In a tiny flat in Bombay Imelda Mendes – Em to her children – holds her family in thrall with her flamboyance, her manic affection and her cruel candour. Her husband – to whom she was once ‘Buttercup’ – and her two children must bear her ‘microweathers’, her swings from laugh-out-loud joy to dark malevolence.


In Em and the Big Hoom, the son begins to unravel the story of his parents: the mother he loves and hates in the same moment and the unusual man who courted, married and protected her – as much from herself as from the world.
It is utterly persuasive and deeply affecting: stylistically adventurous it is never self-indulgent; although suffused with pain it shows no trace of self-pity. Parts of it are extremely funny, and its pages are filled with endearing and eccentric characters.”                       Amitav Ghosh
Pinto chases the elusive portrait of a mother who simply said of herself that she was mad. As I read this novel, that also portrays a very tender marriage and the life of a Goan family in Bombay, it drowned me. I mean that in the best way. It plunged me into a world so vivid and capricious, that when I finished, I found something had shifted and changed within myself. This is a world of magnified and dark emotion. The anger is a primal force, the sadness wild and raw. Against this, the jokes are hilarious, reckless, free falling…This is a rare, brilliant book, one that is wonderfully different from any other that I have read coming out of India.”                    Kiran Desai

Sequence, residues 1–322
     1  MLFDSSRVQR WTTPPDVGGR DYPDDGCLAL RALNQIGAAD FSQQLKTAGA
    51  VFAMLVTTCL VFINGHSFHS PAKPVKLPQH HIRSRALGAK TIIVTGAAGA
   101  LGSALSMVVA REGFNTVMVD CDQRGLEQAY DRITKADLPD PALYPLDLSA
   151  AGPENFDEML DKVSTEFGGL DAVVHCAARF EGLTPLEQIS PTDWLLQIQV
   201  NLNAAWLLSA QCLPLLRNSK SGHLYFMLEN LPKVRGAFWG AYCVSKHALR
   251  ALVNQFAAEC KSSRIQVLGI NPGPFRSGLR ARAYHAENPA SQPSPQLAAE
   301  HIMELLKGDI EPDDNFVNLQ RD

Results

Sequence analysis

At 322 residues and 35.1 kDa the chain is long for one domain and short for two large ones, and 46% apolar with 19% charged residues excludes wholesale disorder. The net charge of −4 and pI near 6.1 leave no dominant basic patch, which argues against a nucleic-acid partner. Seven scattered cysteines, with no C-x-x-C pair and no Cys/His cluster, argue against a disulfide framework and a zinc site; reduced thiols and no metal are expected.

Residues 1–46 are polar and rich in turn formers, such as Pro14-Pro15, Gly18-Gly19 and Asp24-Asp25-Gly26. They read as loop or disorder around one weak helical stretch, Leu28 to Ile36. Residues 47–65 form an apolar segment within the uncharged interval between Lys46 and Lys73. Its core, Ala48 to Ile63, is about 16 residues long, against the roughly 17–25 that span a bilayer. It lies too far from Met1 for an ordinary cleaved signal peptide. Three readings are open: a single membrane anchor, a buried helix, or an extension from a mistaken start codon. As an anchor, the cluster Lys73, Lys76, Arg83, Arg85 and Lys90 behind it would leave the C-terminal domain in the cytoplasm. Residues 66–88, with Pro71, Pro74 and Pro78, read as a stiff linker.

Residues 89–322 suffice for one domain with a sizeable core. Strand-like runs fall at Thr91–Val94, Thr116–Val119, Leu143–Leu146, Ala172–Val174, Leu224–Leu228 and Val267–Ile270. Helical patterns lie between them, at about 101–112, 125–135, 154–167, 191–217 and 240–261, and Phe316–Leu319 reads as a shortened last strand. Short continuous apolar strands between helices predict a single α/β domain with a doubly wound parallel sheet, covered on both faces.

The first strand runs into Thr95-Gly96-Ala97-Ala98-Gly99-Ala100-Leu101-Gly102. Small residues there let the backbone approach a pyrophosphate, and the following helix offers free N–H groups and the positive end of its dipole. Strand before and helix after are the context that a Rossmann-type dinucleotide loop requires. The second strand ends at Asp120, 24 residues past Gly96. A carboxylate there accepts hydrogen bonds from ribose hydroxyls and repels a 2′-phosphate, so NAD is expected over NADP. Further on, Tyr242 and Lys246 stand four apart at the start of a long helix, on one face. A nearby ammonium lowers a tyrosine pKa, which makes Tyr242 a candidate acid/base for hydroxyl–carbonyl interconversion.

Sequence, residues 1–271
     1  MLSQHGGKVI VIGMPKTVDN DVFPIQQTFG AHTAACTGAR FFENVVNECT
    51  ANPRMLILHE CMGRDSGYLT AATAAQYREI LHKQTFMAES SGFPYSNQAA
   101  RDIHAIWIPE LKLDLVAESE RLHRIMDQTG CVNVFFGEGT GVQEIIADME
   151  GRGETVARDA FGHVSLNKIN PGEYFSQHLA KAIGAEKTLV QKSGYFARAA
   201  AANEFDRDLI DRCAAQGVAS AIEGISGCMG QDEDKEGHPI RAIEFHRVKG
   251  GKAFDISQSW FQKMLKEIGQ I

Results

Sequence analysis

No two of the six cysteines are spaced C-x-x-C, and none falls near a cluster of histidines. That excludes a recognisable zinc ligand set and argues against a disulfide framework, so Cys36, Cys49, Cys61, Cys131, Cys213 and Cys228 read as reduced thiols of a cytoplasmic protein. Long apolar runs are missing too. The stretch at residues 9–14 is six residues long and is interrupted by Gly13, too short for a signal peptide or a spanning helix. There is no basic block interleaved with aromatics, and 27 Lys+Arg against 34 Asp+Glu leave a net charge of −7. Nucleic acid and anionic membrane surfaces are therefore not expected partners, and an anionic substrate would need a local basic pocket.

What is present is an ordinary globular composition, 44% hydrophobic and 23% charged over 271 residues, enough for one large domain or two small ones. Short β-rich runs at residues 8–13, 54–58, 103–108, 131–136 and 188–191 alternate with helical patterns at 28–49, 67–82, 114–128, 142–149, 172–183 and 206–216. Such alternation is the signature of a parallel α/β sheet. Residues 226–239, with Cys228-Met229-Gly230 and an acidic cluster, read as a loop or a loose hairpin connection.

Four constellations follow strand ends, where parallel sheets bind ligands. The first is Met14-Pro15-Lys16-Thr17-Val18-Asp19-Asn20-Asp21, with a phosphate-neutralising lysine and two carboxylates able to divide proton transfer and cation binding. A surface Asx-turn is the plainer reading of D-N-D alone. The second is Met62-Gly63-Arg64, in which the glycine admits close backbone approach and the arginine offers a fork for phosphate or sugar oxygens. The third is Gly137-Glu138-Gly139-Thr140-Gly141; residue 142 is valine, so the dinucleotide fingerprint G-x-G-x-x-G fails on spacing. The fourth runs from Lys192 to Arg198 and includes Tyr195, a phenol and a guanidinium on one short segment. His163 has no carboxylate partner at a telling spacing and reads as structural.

A child’s-eye view of madness and sorrow, full of love, pain, and, unaccountably, much wild comedy. ne of the very best books to come out of India in a long, long time.”                               Salman Rushdie






The Trigger: Hunting the Assassin Who Brought the World to War by Tim Butcher


On a summer morning in Sarajevo a hundred years ago, a teenage assassin named GavriloPrincip fired not just the opening shots of the First World War but the starting gun for modern history, when he killed Archduke Franz Ferdinand. Yet the events Princip triggered were so monumental that his own story has been largely overlooked, his role garbled and motivations misrepresented. The Trigger puts this right, filling out a figure who changed our world and whose legacy still has an impact on all of us today.

Born a penniless backwoodsman, Princip’s life changed when he trekked through Bosnia and Serbia to attend school. As he ventured across fault lines of faith, nationalism and empire, so tightly clustered in the Balkans, radicalisation slowly transformed him from a frail farm boy into history’s most influential assassin.

By retracing Princip’s journey from his highland birthplace, through the mythical valleys of Bosnia to the fortress city of Belgrade and ultimately Sarajevo, Tim Butcher illuminates our understanding both of Princip and the places that shaped him. Tim uncovers details about Princip that have eluded historians for a century and draws on his own experience, as a war reporter in the Balkans in the 1990s, to face down ghosts of conflicts past and present.